Royal public engagements are often unpredictable, throwing up all sorts of unscheduled twists and turns.
So the Duke and Duchess of Cambridge took it in their stride today when they found themselves having an unexpected chat on FaceTime with a paramedic's proud father in Bangladesh, reports Telegraph.
The couple were visiting Newham Ambulance Station in east London to hear how staff had coped during the pandemic.
As they chatted to paramedic Jay Khan, she asked if it was okay to call her father, Abu, in Banglasdesh as he had been separated from his family since the beginning of lockdown when his mother became sick.
She had soon whipped out her phone and the royals found themselves having a chat with Abu 5,000 miles away.
The Duke, 38, told him: "You must be very proud of your daughter. She's looking forward to seeing you soon."
Buoyed by her success, Miss Khan then called her sister Nasrin and granddad Baharam in the UK, putting them on to the Cambridges.
The Duke told them: "She works very hard and she's looking forward to seeing you soon."
The Duchess, 39, added: "Hopefully it won't be too long before you can all meet up and see each other again."
Eventually, Ms Khan told them they should probably let the royal couple go, to which the Duke laughed: "We can stay here and do some more family chatting if that works," before adding: "Very nice to chat everyone, bye."
The visit came after US television presenter Gayle King revealed that the Duke of Sussex had spoken to both his brother and his father about the damaging claims made to Oprah Winfrey but that the conversations had not been "productive."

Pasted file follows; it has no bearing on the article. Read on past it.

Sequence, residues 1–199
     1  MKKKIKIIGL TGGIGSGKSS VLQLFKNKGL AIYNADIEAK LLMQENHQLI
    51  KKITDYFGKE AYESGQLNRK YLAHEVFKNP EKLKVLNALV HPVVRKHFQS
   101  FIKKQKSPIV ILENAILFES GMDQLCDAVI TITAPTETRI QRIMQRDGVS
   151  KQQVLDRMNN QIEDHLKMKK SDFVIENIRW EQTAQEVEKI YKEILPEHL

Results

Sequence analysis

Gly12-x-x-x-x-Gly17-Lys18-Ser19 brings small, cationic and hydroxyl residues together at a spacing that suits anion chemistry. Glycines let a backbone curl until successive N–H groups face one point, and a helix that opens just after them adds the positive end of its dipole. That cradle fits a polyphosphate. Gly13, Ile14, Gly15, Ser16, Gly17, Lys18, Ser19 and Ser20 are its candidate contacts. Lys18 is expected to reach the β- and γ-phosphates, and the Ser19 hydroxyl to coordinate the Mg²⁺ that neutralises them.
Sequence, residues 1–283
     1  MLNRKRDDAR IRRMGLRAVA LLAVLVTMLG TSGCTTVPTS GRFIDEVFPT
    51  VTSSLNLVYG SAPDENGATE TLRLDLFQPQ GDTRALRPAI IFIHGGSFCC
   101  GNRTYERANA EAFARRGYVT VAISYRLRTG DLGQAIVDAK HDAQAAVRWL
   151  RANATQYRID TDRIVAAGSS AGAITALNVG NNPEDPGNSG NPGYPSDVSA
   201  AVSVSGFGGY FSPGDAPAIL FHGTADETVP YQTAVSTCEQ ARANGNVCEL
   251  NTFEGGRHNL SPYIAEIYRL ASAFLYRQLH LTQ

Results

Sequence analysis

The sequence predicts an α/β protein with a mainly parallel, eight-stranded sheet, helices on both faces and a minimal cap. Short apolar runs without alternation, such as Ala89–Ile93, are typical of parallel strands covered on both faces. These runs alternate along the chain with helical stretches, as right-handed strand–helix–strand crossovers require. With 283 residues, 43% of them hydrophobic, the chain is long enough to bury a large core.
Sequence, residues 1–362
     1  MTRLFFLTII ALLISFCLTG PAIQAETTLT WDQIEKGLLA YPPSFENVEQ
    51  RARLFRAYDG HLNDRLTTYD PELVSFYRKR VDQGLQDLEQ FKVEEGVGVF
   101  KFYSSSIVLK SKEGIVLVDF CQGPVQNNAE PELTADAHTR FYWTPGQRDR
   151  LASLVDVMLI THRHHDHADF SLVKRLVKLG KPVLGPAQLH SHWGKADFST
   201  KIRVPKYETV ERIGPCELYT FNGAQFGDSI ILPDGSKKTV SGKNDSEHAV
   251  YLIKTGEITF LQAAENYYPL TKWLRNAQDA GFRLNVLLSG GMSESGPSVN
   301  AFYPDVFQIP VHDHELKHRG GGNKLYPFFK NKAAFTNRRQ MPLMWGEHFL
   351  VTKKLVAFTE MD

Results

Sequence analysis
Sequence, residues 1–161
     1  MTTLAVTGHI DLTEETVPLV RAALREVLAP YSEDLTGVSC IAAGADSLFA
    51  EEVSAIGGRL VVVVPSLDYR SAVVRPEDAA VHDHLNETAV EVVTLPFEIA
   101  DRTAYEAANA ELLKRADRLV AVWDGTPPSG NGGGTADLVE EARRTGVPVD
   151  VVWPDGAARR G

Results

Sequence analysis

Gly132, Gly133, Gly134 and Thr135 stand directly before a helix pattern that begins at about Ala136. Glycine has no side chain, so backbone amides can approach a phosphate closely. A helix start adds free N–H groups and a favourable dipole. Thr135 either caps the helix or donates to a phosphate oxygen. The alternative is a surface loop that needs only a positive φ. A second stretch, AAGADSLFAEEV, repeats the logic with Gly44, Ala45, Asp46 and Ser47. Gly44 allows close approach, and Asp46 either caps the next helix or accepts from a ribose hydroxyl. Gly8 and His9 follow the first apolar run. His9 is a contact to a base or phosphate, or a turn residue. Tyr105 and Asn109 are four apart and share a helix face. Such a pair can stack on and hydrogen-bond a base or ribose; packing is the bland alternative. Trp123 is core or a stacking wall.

The disclosure is said to have made Prince William wary about speaking to him again.
A source told Vanity Fair there was a concern within the family that the Sussexes "want to keep fuelling the soap opera."
"There's a lack of trust on both sides which makes moving forward very hard," one said.
"William is now worried that anything he says to his brother will be plastered over American TV."
During Thursday's visit, the Cambridges also heard more about the mental health and wellbeing support provided to staff at the Station, including drop-in sessions and wellbeing spaces, alongside some of the wider initiatives provided by the London Ambulance Service including their fleet of Wellbeing Tea Trucks.
Launched in February 2020, the tea trucks travel to hospitals and control centres across the capital each day, serving hot drinks and snacks to ambulance staff and volunteers and offering them the chance to take a moment to pause and refresh.
The trucks also allow staff who are currently unable to work in patient-facing roles the opportunity to give back to their frontline colleagues.
The Duke and Duchess met paramedic Shani Smith who has been helping to run one of the tea trucks over the past year, and heard how she has used her mental health training to provide peer support to her colleagues.
Ms Smith, who has worked for the service for over 20 years, told them it was the worst time she had experienced.
"It's been like one long major incident," she said.
Covering the boroughs of Newham and Waltham Forest, Newham Station forms part of the second busiest station group in the London Ambulance Service having attended over 76,500 calls over the past year.
The Duke is committed to supporting the mental health and wellbeing of the emergency services community, having witnessed first-hand the challenges that emergency responders face on a daily basis during his roles as both an Air Ambulance and RAF Search and Rescue pilot.
Over the last year, the Cambridges and The Royal Foundation have worked to support those working on the frontline of the pandemic, including through the provision of grants to ten leading charities at the heart of mental health and frontline support as part of a bespoke COVID relief fund.
The London Ambulance Service has received £100,000 of funding from NHS Charities Together, of which the couple are joint Patrons, to enable them to continue to run the trucks and expand their provision in order to meet the needs of crew and volunteers during this challenging time.
The funding has also been used to create isolation packs and food for staff across LAS sites.